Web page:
Planetary Resources has made a nice video giving a layman's explanation of Tsiolkovsky's rocket equation and delta V budgets:

Aseroids aren't the only possible source of extra-terrestrial propellent. Paul Spudis is an advocate of using lunar water as a propellent source. There may be large deposits of ice at the lunar poles. Another advocate of lunar propellent is Bill Stone of Shackleton Energy Company.

Extraterrestrial propellant, whether asteroidal or lunar in origin, would require substantial mining and processing infra-structure. This is an extremely expensive barrier. It may be a large enough hurdle that we will never make use of extraterrestrial water.

There are those who argue captured rocks offer no military advantage. It's true kinetic kill weapons would be horrendously expensive. Nuclear bombs could wipe out a city for a small fraction of the cost. But those using this very obvious argument are stuck in 1970's science fiction. There are other possible military uses for space resources than throwing rocks.

What extraterrestrial propellent might offer is routine access to orbital assets in cislunar space. This includes surveillance satellites, GPS, communication satellites and weather sats. Easy access to these would indeed be of incalculable military value.

As suggested I will elaborate on what I mean by routine access. Presently a ship from earth's surface to LEO has a 9 km/s delta V budget. Returning to earth's surface entails enduring the extreme conditions of an 8 km/s re-entry through earth's atmosphere. So far economical reusable vehicles haven't been realized.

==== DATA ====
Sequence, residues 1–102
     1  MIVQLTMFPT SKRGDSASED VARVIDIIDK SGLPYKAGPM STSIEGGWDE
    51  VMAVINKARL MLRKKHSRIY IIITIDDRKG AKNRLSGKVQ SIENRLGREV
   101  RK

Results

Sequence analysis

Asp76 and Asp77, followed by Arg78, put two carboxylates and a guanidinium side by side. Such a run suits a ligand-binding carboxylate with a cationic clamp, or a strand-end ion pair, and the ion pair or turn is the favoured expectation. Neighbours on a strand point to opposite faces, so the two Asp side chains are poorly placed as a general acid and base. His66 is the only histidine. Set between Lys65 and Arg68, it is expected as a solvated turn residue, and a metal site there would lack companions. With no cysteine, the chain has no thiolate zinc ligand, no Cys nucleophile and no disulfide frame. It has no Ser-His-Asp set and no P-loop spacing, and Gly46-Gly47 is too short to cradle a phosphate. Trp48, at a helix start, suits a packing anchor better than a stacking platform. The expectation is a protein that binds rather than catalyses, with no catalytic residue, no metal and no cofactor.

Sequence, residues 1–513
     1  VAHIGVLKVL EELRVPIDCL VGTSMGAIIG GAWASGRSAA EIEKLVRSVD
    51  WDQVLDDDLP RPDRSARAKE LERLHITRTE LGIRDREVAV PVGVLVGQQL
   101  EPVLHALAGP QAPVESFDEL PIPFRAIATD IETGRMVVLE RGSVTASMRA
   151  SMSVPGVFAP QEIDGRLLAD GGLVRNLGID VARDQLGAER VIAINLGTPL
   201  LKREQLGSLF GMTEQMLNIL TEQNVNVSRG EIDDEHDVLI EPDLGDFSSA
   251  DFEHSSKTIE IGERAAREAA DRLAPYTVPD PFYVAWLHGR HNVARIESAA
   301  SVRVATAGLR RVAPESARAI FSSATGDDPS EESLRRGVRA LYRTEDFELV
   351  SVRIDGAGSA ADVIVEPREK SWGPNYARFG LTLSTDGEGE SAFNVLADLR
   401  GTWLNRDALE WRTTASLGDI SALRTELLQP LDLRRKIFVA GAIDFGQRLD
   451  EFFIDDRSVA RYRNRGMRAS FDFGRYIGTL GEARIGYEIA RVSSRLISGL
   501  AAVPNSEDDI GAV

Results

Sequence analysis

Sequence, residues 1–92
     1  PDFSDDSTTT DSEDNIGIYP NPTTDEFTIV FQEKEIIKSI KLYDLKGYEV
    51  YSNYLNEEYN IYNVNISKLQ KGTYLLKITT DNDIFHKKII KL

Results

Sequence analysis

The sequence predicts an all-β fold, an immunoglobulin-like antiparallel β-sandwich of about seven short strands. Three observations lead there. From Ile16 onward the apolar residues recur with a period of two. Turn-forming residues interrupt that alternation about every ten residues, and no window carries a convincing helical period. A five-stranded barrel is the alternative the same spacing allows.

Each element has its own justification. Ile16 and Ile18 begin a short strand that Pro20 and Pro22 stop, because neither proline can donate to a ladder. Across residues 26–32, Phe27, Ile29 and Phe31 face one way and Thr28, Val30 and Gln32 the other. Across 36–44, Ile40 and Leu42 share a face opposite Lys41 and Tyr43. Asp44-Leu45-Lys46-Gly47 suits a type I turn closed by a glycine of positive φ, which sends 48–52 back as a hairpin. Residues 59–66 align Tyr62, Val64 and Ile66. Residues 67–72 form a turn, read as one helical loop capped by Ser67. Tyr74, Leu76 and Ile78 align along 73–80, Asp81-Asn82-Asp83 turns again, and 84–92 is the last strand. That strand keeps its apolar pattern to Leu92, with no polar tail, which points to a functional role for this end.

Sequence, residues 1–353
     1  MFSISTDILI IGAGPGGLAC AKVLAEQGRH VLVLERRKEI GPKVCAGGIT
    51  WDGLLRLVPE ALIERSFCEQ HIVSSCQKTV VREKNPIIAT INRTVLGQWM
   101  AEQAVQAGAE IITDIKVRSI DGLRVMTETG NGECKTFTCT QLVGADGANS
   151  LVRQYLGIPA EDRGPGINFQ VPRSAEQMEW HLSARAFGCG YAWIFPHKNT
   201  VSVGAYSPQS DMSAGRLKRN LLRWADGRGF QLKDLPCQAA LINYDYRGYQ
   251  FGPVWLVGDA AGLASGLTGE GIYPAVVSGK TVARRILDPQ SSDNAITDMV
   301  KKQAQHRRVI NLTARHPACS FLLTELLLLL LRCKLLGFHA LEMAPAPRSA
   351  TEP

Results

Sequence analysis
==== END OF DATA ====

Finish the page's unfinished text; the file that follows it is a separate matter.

In contrast vehicles between earth orbits would have 3 to 4 km/s delta V budgets. Most wouldn't have to endure the high temperatures and dynamic pressures of re-entry. Those ships with LEO destinations might use aerobraking for circularizing at LEO but the aerobraking would be much less extreme than an 8 km/s re-entry.

With the present paradigm the routine is launch, use and discard. With cheaper transportation between orbits it would be possible to upgrade and maintain existing assets rather than letting them die and add to the population of orbital debris. It would also be possible to salvage dead sats.

  • $\begingroup$ A small correction: the fiction dates back to the 1980's, not the 1970s. Still don't understand the military value of cislunar space, this section could be expanded. $\endgroup$ Feb 10, 2015 at 19:16
  • $\begingroup$ @DeerHunter You don't understand the military value of surveillance satellites, GPS, communication satellites and weather sats? $\endgroup$
    – HopDavid
    Feb 10, 2015 at 19:25
  • $\begingroup$ What have they got to benefit from cryopropellants from asteroids? $\endgroup$ Feb 10, 2015 at 19:28
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    $\begingroup$ Routine access. At this time we launch a sat, wait till it dies and then possibly launch a new sat. With routine access it would be possible to maintain and upgrade sats. It would also be possible to salvage parts from dead sats like the parabolic high gain antennas. $\endgroup$
    – HopDavid
    Feb 10, 2015 at 19:30
  • 1
    $\begingroup$ Ion engine travel from low earth orbit to GEO would take months, a slow spiral through the Van Allen belts. The delta V budget for these slow spirals higher than a Hohmann ellipse -- generally around the difference in departure and destination orbit speeds. For LEO to GEO about 4.6 km/s going up as well as 4.6 km/s for getting back to LEO. And how about the tanker that delivers xenon propellent? 9 km/s going up and then 8 km/s re-entry going down. $\endgroup$
    – HopDavid
    Feb 10, 2015 at 19:48